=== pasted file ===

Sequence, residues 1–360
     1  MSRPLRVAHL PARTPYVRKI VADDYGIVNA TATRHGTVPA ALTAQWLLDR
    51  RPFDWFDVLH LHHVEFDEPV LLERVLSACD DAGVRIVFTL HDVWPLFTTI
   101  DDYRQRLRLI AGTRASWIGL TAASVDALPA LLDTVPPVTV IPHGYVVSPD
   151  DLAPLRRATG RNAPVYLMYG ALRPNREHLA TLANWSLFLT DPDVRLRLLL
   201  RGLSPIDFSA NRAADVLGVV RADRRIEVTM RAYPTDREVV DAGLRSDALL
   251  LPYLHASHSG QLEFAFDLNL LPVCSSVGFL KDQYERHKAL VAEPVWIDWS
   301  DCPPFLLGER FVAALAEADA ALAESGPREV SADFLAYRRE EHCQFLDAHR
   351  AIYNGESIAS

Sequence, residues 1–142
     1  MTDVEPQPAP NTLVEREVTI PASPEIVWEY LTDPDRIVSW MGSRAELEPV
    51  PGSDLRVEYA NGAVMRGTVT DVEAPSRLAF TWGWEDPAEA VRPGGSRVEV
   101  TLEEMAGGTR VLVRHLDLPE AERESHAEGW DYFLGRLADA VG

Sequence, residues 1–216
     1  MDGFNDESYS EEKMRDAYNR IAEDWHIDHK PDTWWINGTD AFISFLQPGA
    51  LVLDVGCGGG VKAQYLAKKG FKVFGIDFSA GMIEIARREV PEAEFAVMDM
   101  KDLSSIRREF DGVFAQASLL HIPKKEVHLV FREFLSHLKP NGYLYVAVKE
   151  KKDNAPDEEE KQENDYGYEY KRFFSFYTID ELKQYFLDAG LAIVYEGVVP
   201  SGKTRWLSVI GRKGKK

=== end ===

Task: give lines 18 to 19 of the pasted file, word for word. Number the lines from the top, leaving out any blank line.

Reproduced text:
   151  KKDNAPDEEE KQENDYGYEY KRFFSFYTID ELKQYFLDAG LAIVYEGVVP
   201  SGKTRWLSVI GRKGKK